I’ve just been diagnosed with HIV. Now what?

HIV now what?

If you’ve been diagnosed HIV-positive, the first thing you need to know right now is that you are not alone. Doctors, nurses, social workers — they all want to help you. It’s what they do.

Scientists around the world are working every day to find new ways to treat an HIV infection. Support groups have formed in your city to help people just like you live with the diagnosis.

There are even magazines called Poz, Positively Aware, and HIV Plus that are full of helpful and inspiring stories of people living with an HIV-positive diagnosis.

But let’s keep it real. Finding out you have HIV is life-changing. Even though you can live a long, healthy life with HIV, it’s still scary and can make you feel lots of uncomfortable feelings – sadness, anger and anxiety are pretty common at first. Whatever complicated feels you’re feeling are probably completely normal and expected.  

Still, a positive diagnosis does not have to ruin your life!. With early detection and treatment, most people living with HIV are living long, healthy lives and doing whatever they can to fulfill their dreams. People living with HIV can have amazing careers, loving relationships and can have healthy babies. HIV treatment can be as easy as taking one pill once-a-day, but the hard part is dealing with the emotional aspects of finding out you’re living with HIV. Unfortunately, our society can be really judgmental and stigmatizing toward people with HIV.  

So, what should you do now?

What to do after getting diagnosed with HIVBreathe. Finding out you have HIV can be overwhelming. Take a few days to be kind to yourself and get your mind right. If you’re freaking out, don’t worry: everybody does that when they find out. But try to be as calm and rational as you can, and make up your mind to fight your HIV infection. There are people ready to help you.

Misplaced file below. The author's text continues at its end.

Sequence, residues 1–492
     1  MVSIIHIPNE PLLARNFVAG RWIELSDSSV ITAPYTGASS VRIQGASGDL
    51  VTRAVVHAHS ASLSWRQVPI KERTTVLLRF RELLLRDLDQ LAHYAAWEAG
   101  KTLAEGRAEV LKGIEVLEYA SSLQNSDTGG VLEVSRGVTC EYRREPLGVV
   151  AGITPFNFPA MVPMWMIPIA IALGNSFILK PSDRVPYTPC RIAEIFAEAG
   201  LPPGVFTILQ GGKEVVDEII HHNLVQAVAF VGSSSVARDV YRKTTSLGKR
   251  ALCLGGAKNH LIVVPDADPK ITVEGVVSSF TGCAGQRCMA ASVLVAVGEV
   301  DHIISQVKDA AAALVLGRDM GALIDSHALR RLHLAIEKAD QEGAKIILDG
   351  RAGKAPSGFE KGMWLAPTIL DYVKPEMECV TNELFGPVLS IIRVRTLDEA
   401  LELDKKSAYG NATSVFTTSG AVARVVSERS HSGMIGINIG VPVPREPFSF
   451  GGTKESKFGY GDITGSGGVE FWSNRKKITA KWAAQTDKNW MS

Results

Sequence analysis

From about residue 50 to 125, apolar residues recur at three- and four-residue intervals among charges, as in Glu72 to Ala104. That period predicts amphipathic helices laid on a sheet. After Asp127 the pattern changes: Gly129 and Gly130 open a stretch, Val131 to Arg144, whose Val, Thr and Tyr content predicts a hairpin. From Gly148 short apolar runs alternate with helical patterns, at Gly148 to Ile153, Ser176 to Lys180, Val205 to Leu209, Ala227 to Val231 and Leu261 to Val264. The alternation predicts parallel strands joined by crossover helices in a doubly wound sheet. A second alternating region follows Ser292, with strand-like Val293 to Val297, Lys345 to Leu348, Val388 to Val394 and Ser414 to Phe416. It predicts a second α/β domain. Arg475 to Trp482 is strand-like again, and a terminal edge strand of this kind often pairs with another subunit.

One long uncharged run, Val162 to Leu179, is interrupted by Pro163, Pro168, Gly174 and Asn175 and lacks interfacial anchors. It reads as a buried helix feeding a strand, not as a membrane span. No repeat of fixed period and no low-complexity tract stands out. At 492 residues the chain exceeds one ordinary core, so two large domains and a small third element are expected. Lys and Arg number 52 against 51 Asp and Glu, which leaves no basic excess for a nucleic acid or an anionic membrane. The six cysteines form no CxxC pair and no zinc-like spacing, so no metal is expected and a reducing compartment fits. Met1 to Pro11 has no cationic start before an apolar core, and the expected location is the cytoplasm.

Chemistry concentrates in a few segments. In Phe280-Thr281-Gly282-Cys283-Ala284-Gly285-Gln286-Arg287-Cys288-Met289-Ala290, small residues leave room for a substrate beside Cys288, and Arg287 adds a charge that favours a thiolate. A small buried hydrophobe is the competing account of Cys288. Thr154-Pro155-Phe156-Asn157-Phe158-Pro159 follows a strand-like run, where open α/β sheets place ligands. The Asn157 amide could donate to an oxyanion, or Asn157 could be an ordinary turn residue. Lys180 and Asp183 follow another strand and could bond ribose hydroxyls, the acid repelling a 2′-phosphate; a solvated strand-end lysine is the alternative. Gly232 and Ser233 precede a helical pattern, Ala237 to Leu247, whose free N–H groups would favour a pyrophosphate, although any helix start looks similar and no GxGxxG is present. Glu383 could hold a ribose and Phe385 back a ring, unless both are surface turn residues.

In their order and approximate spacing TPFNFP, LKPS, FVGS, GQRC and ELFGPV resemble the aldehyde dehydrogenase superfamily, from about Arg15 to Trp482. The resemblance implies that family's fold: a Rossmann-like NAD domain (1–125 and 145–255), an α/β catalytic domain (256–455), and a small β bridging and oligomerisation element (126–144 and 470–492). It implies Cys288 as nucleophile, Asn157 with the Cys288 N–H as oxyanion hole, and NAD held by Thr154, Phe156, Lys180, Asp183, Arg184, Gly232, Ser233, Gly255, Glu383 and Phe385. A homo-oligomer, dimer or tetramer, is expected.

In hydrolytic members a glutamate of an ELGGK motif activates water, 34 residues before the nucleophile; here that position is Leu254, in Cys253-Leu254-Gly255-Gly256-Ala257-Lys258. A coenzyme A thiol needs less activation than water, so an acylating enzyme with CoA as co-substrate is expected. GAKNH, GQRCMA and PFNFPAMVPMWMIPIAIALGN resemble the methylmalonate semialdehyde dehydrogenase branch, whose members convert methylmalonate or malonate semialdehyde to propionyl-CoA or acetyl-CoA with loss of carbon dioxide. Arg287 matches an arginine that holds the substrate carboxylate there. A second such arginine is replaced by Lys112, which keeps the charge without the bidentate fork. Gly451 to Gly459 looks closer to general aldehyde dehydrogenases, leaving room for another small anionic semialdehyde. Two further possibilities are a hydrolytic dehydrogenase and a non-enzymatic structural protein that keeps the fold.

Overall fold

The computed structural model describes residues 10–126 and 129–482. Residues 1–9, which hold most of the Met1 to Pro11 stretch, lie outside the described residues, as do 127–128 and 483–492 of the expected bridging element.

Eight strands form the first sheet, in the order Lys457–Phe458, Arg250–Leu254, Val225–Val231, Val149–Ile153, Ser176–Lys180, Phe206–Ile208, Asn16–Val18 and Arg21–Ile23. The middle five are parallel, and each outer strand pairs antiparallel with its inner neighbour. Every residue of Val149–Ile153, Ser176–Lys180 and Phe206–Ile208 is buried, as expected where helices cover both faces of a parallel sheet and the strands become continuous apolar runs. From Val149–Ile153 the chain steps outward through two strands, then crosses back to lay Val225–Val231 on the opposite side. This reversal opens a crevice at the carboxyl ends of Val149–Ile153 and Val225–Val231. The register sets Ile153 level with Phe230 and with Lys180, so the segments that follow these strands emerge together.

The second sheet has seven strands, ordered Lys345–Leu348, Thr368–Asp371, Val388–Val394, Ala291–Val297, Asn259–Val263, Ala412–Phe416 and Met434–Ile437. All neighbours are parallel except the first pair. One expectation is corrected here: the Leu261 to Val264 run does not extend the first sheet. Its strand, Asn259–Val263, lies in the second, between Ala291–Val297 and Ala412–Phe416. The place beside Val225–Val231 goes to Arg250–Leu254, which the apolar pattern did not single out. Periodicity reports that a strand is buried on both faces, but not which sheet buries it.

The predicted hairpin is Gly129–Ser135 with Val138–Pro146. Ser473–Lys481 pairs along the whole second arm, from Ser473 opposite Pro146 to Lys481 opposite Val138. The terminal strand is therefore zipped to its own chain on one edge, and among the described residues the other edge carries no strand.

What to do after getting diagnosed with HIVFind an HIV specialist to treat you. The sooner you begin the treatment, the better. Doctors who specialize in HIV know the virus’s lifecycle and can prescribe anti-retroviral drugs that can help your body fight your infection. Remember: HIV drugs must be taken every day — no exceptions.

 

What to do after getting diagnosed with HIVTell one person you really trust. Just saying the words “I have HIV” is really hard at first. So you need to practice with somebody you truly trust. Be prepared that some people might react badly. Not everyone understands that HIV can be treated and controlled, and that HIV-positive people can have normal lives with families, jobs and a future. Someone who really loves you and has your back will offer an outpouring of love and support.You need someone to help lighten your load – finding out you have HIV can be a heavy burden to carry alone.

 

What to do after getting diagnosed with HIVFind a support group. Most cities have support groups where people get together and help each other work their way through living with HIV. Unfortunately, there’s still a social stigma to being HIV-positive. Support groups can be like an oasis from the outside world.     

 

What to do after getting diagnosed with HIVGet safe. Find out all you can about how HIV is transmitted. If you’re sexually active, use a condom (and use it properly). The Free Clinic offers a syringe exchange program; bring a used needle and receive a clean one.

 

What to do after getting diagnosed with HIVIf you use drugs with needles, stop sharing. No excuses. If you share again, you’ll spread your HIV and possibly get more HIV in your bloodstream.

 

What to do after getting diagnosed with HIVIf you’re pregnant or a breastfeeding mom, find out how to avoid giving HIV to your baby.   

 

You’ve made it this far. That proves you’re tough enough to take on this challenge. It will not be easy. But it will focus your mind on what you want to do with your life.

Some people find that an HIV-positive diagnosis makes them even tougher — tough enough to improve their lives and control their fates in ways they never could before they were diagnosed.


Positive Peers is made possible through a U.S. Department of Health and Human Services Health Resources and Services Administration, HIV/AIDS Bureau Special Projects of National Significance (SPNS) Grant to The MetroHealth System. Click here for more information about the SPNS grant initiative.
Positive Peers is a private app for young people living with HIV. Learn how you can earn rewards for your participation.